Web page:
Questionable contract?

If you want to volunteer for our Citizens Contract Oversight Committee, or have a tip to share, please email us at NYCschoolcontractwatch@gmail.com

Wednesday, March 3, 2010

Race Till They Drop

March 3, 2010 (GBN News): In a last ditch effort to help their states qualify for “Race to the Top” funding, a growing number of school districts around the country have begun summarily firing all of their teachers. The strong public support by Education Secretary Arne Duncan and President Obama for the recent Central Falls, Rhode Island school board decision to fire every one of the district’s 100 teachers has apparently spurred a nationwide effort to do likewise in order to secure Federal stimulus funds.

At last count, GBN News estimates that over 253,000 teachers have already been fired in 34 states, and the number continues to grow by the hour. This is causing parents to begin to wonder just who will be teaching their children. But Utah State Senator Chris Buttars says not to worry. The Senator, who recently proposed eliminating the senior year of high school, has a simple solution. “Just use high school seniors to teach the younger kids,” he said to reporters in Salt Lake City. “They’re doing nothing but playing around anyhow.”

Secretary Duncan, for one, thinks the Senator is onto something. “That’s the type of creative thinking we need to turn around schools in this country,” he told GBN News in an exclusive interview. “They’ll be new, fresh faces that won’t be wedded to the status quo. They won’t cost a cent, since it would be like an internship. And they won’t even demand tenure, because it would only keep them from going on to college.”

6 comments:

Leonie Haimson said...

Brilliant as usual Gary; but this is not so far-fetched. Recently Chris Whittle of Edison schools fame (or infamy) wrote a book recommending a new kind of system in which teachers would be paid more but the teaching force radically downsized, by getting older students to do alot of the work, by teaching the younger kids and/or helping out in other ways.

Gary Babad said...

And to think all this time I could have been working for Edison and making a fortune on ideas like this. Oh, the price we pay to be ethical!

josh karan said...

The idea of having older children help teach younger ones is to me a valuable idea, amongst many others for re-structuring schools.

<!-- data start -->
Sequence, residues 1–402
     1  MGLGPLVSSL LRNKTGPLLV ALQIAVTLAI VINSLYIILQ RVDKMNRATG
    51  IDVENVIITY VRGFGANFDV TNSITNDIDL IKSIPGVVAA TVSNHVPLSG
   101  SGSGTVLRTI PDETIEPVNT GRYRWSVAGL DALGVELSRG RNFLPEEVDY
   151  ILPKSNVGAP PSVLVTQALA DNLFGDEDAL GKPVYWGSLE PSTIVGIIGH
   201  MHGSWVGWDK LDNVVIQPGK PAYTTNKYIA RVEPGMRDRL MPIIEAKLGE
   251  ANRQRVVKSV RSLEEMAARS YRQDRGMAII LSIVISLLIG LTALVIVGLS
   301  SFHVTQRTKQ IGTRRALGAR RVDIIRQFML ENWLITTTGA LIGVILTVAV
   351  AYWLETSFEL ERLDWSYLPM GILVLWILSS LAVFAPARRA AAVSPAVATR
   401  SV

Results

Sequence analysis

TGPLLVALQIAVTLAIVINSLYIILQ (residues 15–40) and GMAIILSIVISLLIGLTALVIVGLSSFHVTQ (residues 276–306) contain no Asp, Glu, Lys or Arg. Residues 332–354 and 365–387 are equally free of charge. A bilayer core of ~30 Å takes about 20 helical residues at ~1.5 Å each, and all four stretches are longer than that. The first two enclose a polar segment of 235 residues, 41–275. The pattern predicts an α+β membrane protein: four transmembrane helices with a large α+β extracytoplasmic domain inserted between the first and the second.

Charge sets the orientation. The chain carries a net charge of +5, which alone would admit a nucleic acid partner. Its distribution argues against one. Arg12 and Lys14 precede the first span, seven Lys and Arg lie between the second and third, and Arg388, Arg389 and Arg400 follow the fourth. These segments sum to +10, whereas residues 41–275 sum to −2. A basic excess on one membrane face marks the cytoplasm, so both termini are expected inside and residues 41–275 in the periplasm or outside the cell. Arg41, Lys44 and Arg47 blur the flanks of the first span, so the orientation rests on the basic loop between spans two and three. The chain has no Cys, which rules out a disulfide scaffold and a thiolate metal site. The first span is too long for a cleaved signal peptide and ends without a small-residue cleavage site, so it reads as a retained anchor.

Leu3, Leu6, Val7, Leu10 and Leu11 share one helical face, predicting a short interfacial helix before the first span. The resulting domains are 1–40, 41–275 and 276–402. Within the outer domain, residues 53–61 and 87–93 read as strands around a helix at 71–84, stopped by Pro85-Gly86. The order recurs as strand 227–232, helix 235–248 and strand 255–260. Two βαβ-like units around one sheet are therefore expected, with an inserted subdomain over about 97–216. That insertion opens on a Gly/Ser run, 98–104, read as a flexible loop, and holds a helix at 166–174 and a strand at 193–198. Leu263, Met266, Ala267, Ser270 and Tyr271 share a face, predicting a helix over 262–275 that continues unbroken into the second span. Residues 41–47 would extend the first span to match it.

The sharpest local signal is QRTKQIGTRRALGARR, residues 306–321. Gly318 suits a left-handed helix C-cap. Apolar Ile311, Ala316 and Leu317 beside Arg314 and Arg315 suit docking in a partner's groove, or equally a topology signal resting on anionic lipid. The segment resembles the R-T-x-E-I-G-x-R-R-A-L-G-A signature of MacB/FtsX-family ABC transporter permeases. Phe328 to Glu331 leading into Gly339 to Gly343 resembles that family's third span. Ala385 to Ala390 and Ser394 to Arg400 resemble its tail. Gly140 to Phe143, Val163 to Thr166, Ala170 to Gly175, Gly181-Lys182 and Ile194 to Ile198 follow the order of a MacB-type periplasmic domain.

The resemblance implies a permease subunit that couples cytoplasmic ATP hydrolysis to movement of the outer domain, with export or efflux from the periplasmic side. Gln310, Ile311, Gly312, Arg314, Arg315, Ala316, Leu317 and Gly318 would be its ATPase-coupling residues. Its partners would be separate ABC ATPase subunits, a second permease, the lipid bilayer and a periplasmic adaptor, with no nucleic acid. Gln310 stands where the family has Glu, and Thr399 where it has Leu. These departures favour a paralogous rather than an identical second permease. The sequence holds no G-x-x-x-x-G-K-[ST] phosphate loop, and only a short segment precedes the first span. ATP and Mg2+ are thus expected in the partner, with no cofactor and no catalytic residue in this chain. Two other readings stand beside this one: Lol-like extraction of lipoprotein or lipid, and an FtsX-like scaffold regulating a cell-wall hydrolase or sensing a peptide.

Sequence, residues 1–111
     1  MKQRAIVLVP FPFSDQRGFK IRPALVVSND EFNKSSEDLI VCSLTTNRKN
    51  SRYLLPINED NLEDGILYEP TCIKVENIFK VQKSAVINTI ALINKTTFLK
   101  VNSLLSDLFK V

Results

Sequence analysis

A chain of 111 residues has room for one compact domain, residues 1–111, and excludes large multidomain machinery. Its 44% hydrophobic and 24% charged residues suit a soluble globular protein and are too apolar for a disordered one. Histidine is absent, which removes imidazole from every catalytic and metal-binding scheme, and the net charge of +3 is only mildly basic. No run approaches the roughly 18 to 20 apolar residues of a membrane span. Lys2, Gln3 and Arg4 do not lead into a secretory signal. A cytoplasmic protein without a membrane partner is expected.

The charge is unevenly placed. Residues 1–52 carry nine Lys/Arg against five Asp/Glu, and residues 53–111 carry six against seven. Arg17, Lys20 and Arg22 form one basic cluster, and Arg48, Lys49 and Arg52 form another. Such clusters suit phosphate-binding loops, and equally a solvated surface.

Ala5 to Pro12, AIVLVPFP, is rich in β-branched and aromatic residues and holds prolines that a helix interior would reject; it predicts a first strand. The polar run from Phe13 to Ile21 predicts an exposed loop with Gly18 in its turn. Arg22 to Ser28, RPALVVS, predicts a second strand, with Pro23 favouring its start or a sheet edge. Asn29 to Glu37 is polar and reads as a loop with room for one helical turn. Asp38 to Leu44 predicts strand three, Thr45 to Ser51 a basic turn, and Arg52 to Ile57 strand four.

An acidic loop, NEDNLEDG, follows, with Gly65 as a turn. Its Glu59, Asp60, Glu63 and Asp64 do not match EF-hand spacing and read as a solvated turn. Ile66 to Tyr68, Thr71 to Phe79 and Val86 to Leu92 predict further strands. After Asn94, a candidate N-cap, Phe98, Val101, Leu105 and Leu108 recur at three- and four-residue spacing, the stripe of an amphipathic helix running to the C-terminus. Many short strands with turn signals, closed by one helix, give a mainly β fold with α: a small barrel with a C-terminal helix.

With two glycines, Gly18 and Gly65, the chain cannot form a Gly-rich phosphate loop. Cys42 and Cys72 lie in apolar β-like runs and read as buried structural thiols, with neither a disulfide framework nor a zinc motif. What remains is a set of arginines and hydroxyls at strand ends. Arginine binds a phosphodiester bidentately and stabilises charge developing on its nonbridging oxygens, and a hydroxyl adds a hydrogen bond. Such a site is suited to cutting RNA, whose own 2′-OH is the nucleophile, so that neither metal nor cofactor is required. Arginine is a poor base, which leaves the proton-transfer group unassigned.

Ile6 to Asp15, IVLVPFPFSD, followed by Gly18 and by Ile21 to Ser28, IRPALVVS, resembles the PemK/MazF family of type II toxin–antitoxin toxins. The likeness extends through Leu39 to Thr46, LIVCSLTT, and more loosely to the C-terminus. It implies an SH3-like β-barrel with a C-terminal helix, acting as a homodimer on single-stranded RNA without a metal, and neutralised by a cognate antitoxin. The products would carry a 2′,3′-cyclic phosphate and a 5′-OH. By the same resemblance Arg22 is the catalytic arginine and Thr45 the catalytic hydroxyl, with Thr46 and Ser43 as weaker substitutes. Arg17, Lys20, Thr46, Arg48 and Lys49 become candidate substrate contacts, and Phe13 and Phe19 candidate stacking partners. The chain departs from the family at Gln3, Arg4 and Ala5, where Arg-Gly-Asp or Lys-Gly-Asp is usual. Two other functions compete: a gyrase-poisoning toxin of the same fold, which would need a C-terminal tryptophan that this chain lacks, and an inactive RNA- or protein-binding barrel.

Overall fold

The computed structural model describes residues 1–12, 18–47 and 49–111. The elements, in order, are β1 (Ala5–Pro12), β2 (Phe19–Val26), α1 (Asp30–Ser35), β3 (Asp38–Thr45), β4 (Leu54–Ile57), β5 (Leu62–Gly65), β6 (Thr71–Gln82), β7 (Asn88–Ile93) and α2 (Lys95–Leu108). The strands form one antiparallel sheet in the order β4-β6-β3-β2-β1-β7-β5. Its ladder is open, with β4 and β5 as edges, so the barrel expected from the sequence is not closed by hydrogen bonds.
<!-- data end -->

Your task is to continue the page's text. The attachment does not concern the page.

Native speakers of languages other than English can assist native English speakers in learning those languages. Students from blue collar families whose parents have taught them trades can assist those from white collar families, like mine, in which we grew up with 2 right thumbs.

My daughter was in an alternative public elementary school which had bridge classes K-1, 2-3, & 4-5, where students who were more advanced in some areas helped others and vice versa. She learned how to appreciate difference and to share what she knew.

The satire in Gary's piece is that none of this is what will emerge from any anti-union re-structuring that may occur as a result of the combination of political posturing about education, and a fiscal crisis of the states and cities.

Gary Babad said...

Exactly, Josh! They'll take a good idea and distort it beyond recognition. Just like, while it may make sense to use public transit in some cases instead of yellow buses, a couple of years ago they tried giving 5-year-old's metro cards. Of course that was right after Donald Rumsfeld was named head of pupil transportation ... http://nycpublicschoolparents.blogspot.com/2007/03/rumsfeld-named-nyc-school-bus-chief.html

caroline said...

Edison Schools, desperate to make a buck, has been proposing the use of child labor for years -- both older students teaching younger ones and also child-labor support staff (custodians, secretaries). It's only a little more surreal than the other s#!t they do.

Great, great post!

caroline said...

...It wasn't just a little mentoring and assistance, Josh -- Edison proposed adult-free classrooms.